3.1 Reduce maternal mortality
By 2030, reduce the global maternal mortality ratio to less than 70 per 100,000 live births
Ensure healthy lives and promote well-being for all at all ages
The poorer a person is, the lower their life expectancy. The weakest members of society enjoy poorer medical care and are more likely to live in unhealthy environments. But even prosperous individuals face health risks: addiction, road traffic accidents and environmental contamination are only a few examples.
We have seen many positive trends in recent years. We have managed to stop the spread of HIV/AIDS, malaria and tuberculosis and to significantly reduce maternal and child mortality. But pregnancy and childbirth still pose a risk for many women around the world. In industrialised countries the number of cases of cardiovascular diseases is rising. The elderly and children are always more vulnerable, because they are less resistant to health risks. And epidemics like Ebola or HIV/AIDS are a threat to all age groups and sections of the population, even across continents.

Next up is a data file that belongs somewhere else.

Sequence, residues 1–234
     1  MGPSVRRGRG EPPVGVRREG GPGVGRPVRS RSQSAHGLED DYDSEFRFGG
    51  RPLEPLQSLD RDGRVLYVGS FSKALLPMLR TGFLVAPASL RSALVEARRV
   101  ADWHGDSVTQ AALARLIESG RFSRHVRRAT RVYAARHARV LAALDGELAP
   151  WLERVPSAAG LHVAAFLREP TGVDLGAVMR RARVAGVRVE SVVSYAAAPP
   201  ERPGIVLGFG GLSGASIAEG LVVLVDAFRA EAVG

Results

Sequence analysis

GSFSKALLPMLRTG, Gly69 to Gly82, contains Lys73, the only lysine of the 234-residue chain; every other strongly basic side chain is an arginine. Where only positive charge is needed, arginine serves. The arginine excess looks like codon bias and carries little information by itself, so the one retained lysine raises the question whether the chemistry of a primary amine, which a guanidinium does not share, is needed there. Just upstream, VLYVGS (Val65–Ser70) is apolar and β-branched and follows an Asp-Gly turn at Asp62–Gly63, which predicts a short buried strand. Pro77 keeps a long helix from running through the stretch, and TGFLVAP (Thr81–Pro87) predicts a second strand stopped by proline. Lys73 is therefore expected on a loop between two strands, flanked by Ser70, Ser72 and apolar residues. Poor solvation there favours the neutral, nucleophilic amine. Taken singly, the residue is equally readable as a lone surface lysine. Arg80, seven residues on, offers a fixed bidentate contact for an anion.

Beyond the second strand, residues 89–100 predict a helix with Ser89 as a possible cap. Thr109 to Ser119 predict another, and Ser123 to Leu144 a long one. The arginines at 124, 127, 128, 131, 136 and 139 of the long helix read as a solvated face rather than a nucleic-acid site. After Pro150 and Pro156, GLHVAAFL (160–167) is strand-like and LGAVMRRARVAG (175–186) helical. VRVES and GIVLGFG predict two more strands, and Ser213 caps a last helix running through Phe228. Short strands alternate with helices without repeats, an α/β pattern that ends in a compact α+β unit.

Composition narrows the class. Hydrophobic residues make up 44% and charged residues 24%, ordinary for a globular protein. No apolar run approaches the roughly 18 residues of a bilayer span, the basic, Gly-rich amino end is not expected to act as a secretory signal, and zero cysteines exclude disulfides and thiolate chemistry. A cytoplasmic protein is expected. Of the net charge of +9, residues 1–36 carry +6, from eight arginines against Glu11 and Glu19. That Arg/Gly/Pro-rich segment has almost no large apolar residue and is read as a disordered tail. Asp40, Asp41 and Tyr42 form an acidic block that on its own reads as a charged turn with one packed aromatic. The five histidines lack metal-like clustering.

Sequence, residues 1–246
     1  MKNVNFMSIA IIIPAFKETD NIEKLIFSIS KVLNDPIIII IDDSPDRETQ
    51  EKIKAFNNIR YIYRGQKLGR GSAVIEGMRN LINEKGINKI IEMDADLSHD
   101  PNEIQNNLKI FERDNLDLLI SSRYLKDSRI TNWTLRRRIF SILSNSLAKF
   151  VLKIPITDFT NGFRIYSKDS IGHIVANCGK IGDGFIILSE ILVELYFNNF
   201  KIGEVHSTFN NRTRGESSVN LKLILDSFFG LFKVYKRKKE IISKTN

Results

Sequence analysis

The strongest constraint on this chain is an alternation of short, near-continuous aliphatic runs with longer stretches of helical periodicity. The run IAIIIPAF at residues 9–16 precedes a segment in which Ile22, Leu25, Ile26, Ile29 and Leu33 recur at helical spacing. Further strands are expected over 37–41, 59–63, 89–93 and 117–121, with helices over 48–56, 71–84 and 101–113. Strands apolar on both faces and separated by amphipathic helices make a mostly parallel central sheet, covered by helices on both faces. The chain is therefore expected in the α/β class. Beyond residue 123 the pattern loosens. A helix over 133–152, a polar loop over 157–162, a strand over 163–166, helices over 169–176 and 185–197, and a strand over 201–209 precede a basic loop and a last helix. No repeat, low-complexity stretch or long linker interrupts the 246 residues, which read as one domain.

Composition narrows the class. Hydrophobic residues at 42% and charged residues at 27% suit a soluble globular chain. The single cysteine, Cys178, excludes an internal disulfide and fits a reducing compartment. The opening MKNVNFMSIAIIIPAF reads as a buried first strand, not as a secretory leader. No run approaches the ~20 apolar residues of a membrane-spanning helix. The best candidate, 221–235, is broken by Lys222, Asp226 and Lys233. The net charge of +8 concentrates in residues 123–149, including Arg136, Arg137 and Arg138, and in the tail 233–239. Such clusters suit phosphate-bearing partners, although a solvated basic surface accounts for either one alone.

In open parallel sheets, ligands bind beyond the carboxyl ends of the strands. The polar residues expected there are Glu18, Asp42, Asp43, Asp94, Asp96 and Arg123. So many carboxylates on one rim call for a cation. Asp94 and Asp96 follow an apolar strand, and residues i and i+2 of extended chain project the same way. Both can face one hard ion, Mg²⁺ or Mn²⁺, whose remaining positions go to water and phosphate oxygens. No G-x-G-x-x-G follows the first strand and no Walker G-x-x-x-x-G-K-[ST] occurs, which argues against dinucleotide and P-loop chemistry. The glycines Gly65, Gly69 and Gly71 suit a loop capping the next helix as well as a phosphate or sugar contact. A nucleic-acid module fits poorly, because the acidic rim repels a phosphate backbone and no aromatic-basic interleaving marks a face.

What must be done?
Many deaths and cases of sickness around the world could have been avoided. The causes range from unhealthy lifestyles, poor nutrition, hygiene and health care , to a lack of health education and vaccines, and contamination of the immediate environment in which people live. If we are to give all people access to medical care, more money will have to be invested – to employ doctors, psychologists and midwives, and in research. Health risks must also be minimised, including the risks posed by contaminated drinking water, tobacco consumption and unprotected sex. Legal regulations, controls and education can be extremely effective here.
Facts and figures